The rise of the machines

Jonathon Last’s newsletter for The Bulwark is always a bracing read, and never more so than this morning when he pointed to a piece about the war between Armenia and Azerbaijan. My eyes have been glazing over at this story for weeks – 44 days, in fact. But it turns out that “the entire shape of modern warfare is changing right before our eyes”. One side had fleets of main battle tanks, robust missile defenses, and extensive dug-in positions. “The other side had a bunch of cheap, disposable drones.”

There are no prizes for guessing who won. Last points to these pars from a report in the Washington Post, and if you think long enough about them, they’re a little bit terrifying.

Azerbaijan used its drone fleet — purchased from Israel and Turkey — to stalk and destroy Armenia’s weapons systems in Nagorno-Karabakh, shattering its defenses and enabling a swift advance. Armenia found that air defense systems in Nagorno-Karabakh, many of them older Soviet systems, were impossible to defend against drone attacks, and losses quickly piled up. . . .

Azerbaijan, frustrated at a peace process that it felt delivered nothing, used its Caspian Sea oil wealth to buy arms, including a fleet of Turkish Bayraktar TB2 drones and Israeli kamikaze drones (also called loitering munitions, designed to hover in an area before diving on a target). . . .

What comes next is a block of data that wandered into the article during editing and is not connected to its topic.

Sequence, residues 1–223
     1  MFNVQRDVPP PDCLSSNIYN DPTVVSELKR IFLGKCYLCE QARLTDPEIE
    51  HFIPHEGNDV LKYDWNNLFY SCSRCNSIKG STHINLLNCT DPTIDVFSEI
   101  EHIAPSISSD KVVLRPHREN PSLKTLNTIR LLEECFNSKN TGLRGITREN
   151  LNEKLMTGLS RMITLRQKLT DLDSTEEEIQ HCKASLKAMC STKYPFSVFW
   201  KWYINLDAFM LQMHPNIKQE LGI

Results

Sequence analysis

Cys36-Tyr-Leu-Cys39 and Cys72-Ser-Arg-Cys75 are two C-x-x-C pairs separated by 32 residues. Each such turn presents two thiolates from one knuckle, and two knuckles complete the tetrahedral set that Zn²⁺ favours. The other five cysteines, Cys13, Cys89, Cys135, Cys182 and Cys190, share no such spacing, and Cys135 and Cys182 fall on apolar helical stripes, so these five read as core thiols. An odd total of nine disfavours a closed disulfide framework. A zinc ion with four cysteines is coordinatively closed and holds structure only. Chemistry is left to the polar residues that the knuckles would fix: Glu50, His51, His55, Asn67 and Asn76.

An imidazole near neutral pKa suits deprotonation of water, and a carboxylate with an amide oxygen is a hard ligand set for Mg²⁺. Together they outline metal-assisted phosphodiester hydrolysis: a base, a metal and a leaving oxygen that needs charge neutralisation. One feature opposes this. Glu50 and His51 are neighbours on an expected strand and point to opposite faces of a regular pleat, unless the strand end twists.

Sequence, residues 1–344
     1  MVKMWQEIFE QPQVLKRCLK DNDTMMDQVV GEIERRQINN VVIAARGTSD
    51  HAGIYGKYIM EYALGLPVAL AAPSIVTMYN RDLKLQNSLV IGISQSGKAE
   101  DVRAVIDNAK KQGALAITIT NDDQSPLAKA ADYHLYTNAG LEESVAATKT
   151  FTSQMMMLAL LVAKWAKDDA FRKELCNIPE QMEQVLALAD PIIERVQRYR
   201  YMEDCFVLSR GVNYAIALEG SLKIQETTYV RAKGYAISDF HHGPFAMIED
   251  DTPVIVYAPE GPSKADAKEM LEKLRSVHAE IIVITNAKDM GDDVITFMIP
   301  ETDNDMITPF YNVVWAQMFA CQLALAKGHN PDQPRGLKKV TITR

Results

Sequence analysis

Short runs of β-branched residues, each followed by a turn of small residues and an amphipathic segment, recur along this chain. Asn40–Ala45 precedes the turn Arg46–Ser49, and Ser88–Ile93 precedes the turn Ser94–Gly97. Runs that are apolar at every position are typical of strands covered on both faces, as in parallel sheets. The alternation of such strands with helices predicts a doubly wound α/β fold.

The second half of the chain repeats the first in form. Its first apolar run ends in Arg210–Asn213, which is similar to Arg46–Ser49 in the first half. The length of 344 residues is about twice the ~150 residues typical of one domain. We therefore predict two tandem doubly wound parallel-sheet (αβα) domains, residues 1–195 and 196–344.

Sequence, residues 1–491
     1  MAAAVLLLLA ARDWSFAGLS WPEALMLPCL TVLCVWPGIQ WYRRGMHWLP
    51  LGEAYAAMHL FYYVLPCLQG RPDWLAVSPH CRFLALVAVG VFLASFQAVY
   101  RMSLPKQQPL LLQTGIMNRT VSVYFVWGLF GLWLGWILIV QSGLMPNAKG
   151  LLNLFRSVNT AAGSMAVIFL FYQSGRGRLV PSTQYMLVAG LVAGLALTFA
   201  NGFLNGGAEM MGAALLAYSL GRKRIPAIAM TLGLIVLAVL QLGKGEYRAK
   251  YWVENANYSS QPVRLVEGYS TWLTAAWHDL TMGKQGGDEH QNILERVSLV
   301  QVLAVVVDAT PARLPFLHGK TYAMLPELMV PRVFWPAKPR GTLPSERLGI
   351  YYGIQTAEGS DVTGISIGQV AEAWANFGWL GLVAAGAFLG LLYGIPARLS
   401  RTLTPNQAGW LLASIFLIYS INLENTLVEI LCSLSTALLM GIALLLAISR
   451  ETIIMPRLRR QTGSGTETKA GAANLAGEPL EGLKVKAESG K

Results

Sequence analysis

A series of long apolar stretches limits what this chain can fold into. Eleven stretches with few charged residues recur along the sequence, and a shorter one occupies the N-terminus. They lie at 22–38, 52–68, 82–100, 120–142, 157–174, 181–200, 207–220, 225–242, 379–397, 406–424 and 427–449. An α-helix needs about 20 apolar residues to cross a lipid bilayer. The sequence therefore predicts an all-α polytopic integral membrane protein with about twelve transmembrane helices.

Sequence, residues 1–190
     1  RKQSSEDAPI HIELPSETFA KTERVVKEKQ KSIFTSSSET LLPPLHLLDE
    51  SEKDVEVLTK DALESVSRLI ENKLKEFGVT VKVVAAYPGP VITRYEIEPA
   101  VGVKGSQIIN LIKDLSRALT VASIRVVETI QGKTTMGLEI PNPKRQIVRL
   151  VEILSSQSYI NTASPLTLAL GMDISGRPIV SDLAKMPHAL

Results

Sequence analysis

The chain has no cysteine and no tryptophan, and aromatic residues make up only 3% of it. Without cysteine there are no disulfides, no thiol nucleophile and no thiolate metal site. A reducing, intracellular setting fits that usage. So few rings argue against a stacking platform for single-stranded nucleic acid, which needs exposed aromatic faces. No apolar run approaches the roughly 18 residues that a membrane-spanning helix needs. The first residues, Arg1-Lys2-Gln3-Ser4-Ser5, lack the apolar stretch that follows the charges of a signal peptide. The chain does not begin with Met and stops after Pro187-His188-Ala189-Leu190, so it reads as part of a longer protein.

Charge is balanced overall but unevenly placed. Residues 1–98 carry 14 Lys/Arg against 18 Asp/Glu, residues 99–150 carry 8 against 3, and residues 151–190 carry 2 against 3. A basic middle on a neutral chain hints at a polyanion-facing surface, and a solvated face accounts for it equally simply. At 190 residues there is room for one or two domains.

In the early stages of the war, Azerbaijan used 11 slow Soviet-era An-2 aircraft that had been converted into drones and sent them buzzing over Nagorno-Karabakh as bait to Armenian air defense systems — tempting them to fire and reveal their positions, after which they could be hit by drones.

Azerbaijan used surveillance drones to spot targets and sent armed drones or kamikaze drones to destroy them, analysts said. . . .

Their tally, which logs confirmed losses with photographs or videos, listed Armenian losses at 185 T-72 tanks; 90 armored fighting vehicles; 182 artillery pieces; 73 multiple rocket launchers; 26 surface-to-air missile systems, including a Tor system and five S-300s; 14 radars or jammers; one SU-25 war plane; four drones and 451 military vehicles.

Azerbaijan, the group concluded, had visually confirmed losses of 22 tanks, 41 armored forced vehicles, one helicopter, 25 drones and 24 vehicles. The Washington Post.

I’ll give JVL the write off, since he earned it:

This is a revolution in military affairs and it’s not going to stop at air-to-ground conflict. We’re going to see drones equalize naval conflicts, too, making it even more expensive to project power across oceans.

If there’s a “good news” when it comes to drone warfare, it’s that the drones aren’t autonomous yet. But that’s coming, too.

The world around us is less stable than we think. And it’s becoming more so every day.